A non-significant positive correlation was found between RCAH and GRIP (r2 = 0.45, P = 0.07) and between RCAH and NHPT (r2 = 0.40, P = 0.09) (Fig. 3). No correlation was found between RCAH and age (r2 = 0.02, P = ns), or between RCAH and the VAS rating for effort by each patient (r2 = 0.09, P = ns).

Fig. 3

GRIP and NHPT plotted against RCAH.

Fig. 3

GRIP and NHPT plotted against RCAH.

### Imaging results

The correlation analysis identified several brain regions in which there was a negative correlation between task-related signal change (parameter estimate for the main effects of hand grip) and RCAH (Table 3 and Fig. 4). These included contralesional anterior primary motor cortex [Brodmann area (BA) 4a], ipsilesional posterior primary motor cortex (BA 4p), and contralesional primary sensory cortex (BA 1). The location of these peak voxels in the relevant BA was determined (P > 0.4) using the cytoarchitectonic maps provided at http://www.bic.mni.mcgill.ca/cytoarchitectonics/ (Geyer et al., 1996, 1999). In addition, a negative correlation between task-related signal change and RCAH was seen in bilateral premotor cortex, SMA, intraparietal sulcus, dorsolateral prefrontal cortex, and contralesional superior cingulate sulcus. The cluster of significant voxels located in contralesional premotor cortex extended in the ventral direction as far as z = 36, although the most ventral premotor peak was situated at x = −52, y = −4, z = 44. This observation suggests that the negative correlation between task-related signal change and RCAH might be present in both dorsolateral and ventrolateral contralesional premotor cortices. Plots of task-related signal change versus RCAH are shown in Figs 5, 6 and 7.

Fig. 4

SPM {Z}s representing regions in which there is a negative correlation between RCAH and task-related signal change. Results are displayed on a ‘glass brain’ shown from the right side (top left image), from behind (top right image), and from above (bottom left image). Voxels are significant at P < 0.001 (uncorrected), and clusters are significant at P < 0.05 (corrected), for the purposes of display.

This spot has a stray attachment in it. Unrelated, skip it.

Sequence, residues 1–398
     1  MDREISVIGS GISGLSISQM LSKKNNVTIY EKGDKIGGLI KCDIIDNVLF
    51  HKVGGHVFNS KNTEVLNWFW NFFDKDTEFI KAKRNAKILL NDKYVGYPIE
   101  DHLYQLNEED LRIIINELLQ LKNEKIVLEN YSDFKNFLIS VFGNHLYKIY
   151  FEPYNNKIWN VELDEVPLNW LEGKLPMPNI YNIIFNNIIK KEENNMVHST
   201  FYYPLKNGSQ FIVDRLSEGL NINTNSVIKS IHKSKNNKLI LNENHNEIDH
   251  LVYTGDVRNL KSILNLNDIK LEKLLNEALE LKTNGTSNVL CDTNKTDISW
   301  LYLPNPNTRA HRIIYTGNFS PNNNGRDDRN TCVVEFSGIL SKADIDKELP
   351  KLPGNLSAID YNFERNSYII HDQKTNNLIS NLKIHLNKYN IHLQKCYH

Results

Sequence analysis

Fig. 4

SPM {Z}s representing regions in which there is a negative correlation between RCAH and task-related signal change. Results are displayed on a ‘glass brain’ shown from the right side (top left image), from behind (top right image), and from above (bottom left image). Voxels are significant at P < 0.001 (uncorrected), and clusters are significant at P < 0.05 (corrected), for the purposes of display.

Fig. 5

Plots of task-related signal change (parameter estimate for the main effect of handgrip) versus RCAH for (A) ipsilesional primary motor cortex (BA 4p, x = 42, y = −14, z = 44), (B) contralesional primary motor cortex (BA 4a, x = 32, y = −26, z = 68), (C) contralesional primary sensory cortex (BA 1, x = 52, y = 14, z = 52). Corresponding correlation coefficients are given in Table 3.